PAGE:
The first time I saw Paula Rego’s paintings in person was over three years ago at Tate Britain, during the exhibition All too Human (it ran from 28 February until 27 August 2018). As I mentioned in my review (link here) Rego was the only woman artist who had an entire room dedicated to her paintings at that exhibition. Her large triptych The Betrothal; Lessons; The Shipwreck after ‘Marriage à la Mode’ by Hogarth (1999) was one of the most impressive and memorable works on display. When I first heard about Paula Rego’s solo exhibition at Tate Britain that was going to open in 2021 I was quite excited, and rightly so, because the current show is filled with fantastic thought-provoking pieces, including the above mentioned triptych and many more.
I am going to share some of my favourite artworks from the exhibition, hopefully it will encourage some of my readers to check it out in person.
The display is organised chronologically and demonstrates how the artist’s style changed in the course of her long and prolific career. In the first room we can see the Interrogation (1950), painted at a very young age (Rego was 15 at the time). It is an impressive artwork, not only because of its high quality, but also due to the serious subject, referring to the political situation in Portugal at the time.1 In the Interrogation an anonymous female figure is sitting in a chair guarded by two male figures who are shown from chest down. The woman’s limbs are contorted, face hidden in her hand. The interrogated woman is trying to take as little space as possible, as if she is trying to disappear.
Paula Rego was born (1935) and brought up in Portugal, during the period of Estado Novo (which lasted until 1974) under the dictatorship of António de Oliveira Salazar. Even at a very young age Rego was aware of the injustices happening all-over the country and in the Portuguese colonies. People were arrested, tortured and imprisoned, women’s rights were severely limited by the state. One of Rego’s early Surrealism-inspired artworks referring to the situation in Portugal was titled Salazar vomiting the Homeland (1960). The title was censored to leave Salazar’s name out, but the painting was allowed to be displayed in Lisbon in 1972, which was an act of personal defiance for the artist.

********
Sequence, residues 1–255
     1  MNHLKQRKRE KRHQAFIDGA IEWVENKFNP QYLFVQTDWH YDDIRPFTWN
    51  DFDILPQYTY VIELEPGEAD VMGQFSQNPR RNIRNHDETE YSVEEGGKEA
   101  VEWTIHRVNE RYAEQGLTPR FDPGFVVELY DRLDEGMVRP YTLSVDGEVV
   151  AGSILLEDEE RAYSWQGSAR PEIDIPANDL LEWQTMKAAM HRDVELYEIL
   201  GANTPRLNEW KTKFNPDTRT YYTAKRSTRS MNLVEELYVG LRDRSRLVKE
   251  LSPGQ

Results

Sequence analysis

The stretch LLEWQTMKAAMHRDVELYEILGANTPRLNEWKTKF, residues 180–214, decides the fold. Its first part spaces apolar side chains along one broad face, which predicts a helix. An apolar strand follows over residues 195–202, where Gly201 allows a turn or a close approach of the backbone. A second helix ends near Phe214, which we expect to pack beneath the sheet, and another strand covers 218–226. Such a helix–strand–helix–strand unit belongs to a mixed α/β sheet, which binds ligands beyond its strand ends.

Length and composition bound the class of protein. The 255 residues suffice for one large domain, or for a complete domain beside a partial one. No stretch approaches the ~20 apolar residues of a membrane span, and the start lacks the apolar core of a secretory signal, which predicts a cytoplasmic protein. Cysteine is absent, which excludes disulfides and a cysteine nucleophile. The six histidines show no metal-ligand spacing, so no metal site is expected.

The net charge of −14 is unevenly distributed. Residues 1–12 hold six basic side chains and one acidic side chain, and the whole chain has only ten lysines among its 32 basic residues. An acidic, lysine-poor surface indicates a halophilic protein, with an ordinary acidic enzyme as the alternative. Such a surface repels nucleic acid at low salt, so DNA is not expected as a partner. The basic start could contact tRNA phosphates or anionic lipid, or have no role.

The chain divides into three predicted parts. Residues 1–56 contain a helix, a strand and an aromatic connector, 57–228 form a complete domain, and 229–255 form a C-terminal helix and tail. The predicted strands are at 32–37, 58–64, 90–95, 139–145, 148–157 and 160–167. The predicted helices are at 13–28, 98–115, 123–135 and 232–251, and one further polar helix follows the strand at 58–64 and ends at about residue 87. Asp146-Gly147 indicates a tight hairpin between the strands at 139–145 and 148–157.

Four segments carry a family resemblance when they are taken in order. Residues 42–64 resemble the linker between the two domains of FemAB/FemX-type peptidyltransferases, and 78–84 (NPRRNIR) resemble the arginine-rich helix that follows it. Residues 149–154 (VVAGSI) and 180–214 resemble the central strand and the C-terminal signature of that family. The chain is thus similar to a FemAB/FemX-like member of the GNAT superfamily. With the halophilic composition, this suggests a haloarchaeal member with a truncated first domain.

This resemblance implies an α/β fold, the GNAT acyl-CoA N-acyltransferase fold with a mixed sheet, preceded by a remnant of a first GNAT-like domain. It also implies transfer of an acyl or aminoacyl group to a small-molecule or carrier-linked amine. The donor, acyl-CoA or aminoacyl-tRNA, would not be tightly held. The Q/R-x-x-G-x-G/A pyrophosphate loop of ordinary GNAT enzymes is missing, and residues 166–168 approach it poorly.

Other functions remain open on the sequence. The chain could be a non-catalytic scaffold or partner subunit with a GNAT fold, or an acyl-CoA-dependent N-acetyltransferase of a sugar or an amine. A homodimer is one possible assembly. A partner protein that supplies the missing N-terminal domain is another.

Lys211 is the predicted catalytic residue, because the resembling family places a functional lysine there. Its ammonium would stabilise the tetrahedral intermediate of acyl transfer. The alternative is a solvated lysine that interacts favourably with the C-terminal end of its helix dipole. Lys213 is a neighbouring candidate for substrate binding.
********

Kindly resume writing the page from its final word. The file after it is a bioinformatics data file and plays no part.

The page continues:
In 1951 her parents enrolled Rego in finishing school in Kent, a year after she went to study art at the Slade in London. She later married her fellow student Victor Willing, with whom she had three children. Initially the family divided their time between England and Portugal, but in 1972 London became their permanent home where Rego lives and works today. She is considered one of the most iconic contemporary British artists. Her large paintings featuring slightly sinister-looking female figures are instantly recognisable, see for example The Soldier’s Daughter (1987) which echoes the eerie scenes painted by the Italian metaphysical painter Giorgio de Chirico.
Rego’s works are often not what they seem at first glance. In many instances the artworks require the viewer to notice literary and art historical references. Many of her narrative works are populated with characters from classic Portuguese folk tales, nursery rhymes, fairytales and other literary sources. Some of the most familiar characters are Pinocchio, Alice in Wonderland and Peter Pan. See below Rego’s charming and humorous yet slightly unsettling Cast of Characters from Snow White (1996) inspired by both the classic German tale and the 1937 animated film by Disney.